There are several advantages of using a treadmill, including ambulation within a small area, accurate control of speed and gradient and the ability to capture repeated gait cycles (34). During treadmill walking, animals can walk with a more stable gait because of the constant treadmill walking speed, improving intra-session and inter-session reliability of measurements (35). Even with domestication, sheep retain their gregarious instinct, the desire to stay together for protection (36). In order to reduce the negative impact of being separated from the rest of the flock, the same handler trained all sheep daily to walk on the treadmill 2 weeks before the kinematics testing rewarding them with food. This resulted in a substantial reduction in the amount of time necessary for an accurate data acquisition and in fewer animals being used. To improve the data collection sheep, require initial familiarization to walk on a moving belt to attenuate some treadmill-related differences. Different acclimatization protocols to treadmill walking have been described in the literature, but most of the studies suggest over 6–10 training sessions for the measurement of biomechanical variables (29, 30). In the present study the speed of the treadmill was set to 1.2 m/s, this velocity is now widely accepted as walking locomotion for sheep (37).

We found a high degree of stability in sheep's hindlimb motion during treadmill motion, as a result of an excellent inter-step reliability observed for all angle measurements. Such very high reliability scores are in accordance with the highly controlled conditions during data acquisition, in particular the sheep's steady gait velocity imposed by treadmill walking.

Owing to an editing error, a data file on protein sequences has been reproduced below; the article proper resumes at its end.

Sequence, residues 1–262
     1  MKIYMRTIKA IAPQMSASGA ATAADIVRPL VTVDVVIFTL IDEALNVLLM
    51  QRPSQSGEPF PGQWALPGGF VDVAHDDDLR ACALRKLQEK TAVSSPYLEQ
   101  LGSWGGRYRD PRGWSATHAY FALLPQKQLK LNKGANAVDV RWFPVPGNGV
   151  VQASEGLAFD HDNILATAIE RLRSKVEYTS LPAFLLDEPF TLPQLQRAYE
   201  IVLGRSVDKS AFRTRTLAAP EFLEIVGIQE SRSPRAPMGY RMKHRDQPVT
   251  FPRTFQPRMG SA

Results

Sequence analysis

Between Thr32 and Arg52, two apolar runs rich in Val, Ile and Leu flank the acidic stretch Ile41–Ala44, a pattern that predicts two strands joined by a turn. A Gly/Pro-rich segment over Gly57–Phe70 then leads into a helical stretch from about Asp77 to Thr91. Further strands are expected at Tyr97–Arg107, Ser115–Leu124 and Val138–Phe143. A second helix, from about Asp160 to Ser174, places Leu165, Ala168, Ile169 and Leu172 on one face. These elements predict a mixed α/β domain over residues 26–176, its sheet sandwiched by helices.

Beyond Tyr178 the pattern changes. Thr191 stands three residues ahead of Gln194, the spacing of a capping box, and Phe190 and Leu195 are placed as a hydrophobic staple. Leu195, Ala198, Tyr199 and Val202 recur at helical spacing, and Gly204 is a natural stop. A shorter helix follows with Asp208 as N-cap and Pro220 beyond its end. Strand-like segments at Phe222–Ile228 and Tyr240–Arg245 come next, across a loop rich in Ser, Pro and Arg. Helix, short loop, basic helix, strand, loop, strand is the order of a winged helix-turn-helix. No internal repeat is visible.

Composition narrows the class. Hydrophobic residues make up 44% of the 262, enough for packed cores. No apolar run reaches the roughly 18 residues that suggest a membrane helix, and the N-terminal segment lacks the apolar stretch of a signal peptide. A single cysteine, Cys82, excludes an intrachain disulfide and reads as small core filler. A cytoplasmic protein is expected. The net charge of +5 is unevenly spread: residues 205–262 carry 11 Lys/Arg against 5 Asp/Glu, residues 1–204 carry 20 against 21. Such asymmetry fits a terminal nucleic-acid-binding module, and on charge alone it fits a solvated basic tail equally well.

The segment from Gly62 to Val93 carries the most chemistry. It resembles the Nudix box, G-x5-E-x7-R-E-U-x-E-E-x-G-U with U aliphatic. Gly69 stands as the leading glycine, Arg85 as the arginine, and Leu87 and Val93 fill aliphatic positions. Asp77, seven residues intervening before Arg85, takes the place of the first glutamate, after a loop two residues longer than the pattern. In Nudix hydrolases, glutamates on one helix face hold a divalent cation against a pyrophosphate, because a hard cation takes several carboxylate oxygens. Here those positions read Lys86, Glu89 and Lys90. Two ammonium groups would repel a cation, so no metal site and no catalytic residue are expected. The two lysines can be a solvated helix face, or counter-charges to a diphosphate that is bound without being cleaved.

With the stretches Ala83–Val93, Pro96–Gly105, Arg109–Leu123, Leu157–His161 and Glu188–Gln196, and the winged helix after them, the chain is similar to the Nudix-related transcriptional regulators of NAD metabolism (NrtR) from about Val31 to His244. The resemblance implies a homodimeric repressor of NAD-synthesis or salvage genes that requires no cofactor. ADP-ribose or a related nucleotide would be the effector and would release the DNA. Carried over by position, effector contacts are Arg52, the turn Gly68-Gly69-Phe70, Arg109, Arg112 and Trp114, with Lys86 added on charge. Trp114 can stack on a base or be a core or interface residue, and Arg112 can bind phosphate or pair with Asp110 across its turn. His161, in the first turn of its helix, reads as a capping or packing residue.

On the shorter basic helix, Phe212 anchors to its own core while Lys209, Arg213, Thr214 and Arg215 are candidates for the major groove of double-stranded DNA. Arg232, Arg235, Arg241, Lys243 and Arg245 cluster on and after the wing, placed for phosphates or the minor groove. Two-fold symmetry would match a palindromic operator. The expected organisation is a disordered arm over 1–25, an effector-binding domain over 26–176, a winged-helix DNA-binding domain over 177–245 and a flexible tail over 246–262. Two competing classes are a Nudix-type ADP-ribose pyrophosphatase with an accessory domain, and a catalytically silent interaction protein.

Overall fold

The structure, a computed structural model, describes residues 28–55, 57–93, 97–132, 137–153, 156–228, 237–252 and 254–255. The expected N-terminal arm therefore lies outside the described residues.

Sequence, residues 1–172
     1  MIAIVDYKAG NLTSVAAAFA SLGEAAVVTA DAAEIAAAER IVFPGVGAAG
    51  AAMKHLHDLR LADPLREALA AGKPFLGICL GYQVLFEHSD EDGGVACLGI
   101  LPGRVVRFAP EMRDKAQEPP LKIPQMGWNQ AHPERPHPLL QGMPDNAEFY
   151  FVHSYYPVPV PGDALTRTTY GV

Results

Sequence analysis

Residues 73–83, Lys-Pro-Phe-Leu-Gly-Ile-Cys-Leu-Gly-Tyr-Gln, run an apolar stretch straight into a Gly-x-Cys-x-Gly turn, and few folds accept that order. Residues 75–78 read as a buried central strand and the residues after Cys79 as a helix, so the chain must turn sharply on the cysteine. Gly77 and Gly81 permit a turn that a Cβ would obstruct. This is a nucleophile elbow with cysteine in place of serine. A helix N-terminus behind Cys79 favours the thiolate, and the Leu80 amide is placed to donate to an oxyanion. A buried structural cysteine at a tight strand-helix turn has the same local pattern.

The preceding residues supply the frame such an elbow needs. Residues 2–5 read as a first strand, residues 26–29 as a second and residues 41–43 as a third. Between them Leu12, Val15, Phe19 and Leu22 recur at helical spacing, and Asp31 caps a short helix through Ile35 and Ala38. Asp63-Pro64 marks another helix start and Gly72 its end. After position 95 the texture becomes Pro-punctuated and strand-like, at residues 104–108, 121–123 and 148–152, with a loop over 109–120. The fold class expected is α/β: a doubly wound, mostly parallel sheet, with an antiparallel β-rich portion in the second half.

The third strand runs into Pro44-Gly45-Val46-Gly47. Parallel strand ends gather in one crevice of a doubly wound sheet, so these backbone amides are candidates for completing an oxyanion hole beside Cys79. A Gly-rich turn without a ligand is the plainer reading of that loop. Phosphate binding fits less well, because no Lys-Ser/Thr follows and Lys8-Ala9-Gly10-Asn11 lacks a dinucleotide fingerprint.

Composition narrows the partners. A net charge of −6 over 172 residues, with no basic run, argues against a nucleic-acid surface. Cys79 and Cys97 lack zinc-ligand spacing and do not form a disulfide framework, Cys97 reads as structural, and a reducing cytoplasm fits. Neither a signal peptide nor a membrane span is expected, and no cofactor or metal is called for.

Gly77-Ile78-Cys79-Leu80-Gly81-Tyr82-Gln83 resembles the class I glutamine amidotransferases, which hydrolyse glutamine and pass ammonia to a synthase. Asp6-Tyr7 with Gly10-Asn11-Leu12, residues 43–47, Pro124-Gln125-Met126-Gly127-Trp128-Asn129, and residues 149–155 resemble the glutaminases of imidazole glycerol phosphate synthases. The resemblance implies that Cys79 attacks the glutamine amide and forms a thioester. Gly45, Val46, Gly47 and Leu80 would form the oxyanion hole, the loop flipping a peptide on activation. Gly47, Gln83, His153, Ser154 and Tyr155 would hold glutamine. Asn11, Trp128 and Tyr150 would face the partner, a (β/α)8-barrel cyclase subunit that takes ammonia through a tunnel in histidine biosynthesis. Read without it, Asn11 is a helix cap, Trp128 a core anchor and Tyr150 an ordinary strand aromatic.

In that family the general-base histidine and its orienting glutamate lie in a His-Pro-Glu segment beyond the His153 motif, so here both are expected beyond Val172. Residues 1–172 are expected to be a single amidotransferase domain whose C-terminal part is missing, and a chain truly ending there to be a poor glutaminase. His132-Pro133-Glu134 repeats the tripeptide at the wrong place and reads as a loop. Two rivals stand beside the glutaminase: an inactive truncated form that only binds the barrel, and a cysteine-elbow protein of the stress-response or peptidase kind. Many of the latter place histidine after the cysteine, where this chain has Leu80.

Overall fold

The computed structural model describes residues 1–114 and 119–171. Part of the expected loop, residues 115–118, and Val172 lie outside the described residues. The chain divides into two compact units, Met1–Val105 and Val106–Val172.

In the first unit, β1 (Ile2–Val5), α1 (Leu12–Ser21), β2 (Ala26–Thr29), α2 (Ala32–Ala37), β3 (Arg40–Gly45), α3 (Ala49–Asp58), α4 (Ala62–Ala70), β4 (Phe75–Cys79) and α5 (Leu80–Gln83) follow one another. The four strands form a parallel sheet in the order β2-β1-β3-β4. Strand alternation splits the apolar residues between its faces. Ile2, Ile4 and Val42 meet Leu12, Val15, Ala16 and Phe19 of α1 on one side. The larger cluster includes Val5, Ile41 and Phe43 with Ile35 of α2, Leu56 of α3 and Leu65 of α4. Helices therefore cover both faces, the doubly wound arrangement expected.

The ICC values described in this study, allows to accurately measure hindlimb angular joints, recorded with a 2D or 3D set-up, and predict the recovery of function in experimental neurological research.

In summary, this research highlights the inadequacy of a 2D kinematic testing in clinically normal sheep during treadmill walking, mostly during swing phase. Moreover, it is expected that in several neurological disorders the pathological gait of sheep may contain substantial 3D movement components from both phases of the gait cycle. The present study established fundamental 3D kinematic characteristics of the sagittal motion that take place at each joint of the hindlimb in the ovine model during treadmill walking. The kinematic results presented here should provide direction for future gait analysis studies that evaluate the hindlimb joint behavior in the sheep model. In the future, this experimental model may serve as an effective tool to evaluate and compare pathological gait patterns and improve our knowledge on kinematic features associated with different neurological conditions.

Data Availability Statement

The original contributions generated for the study are included in the article/Supplementary Material, further inquiries can be directed to the corresponding author/s.

Ethics Statement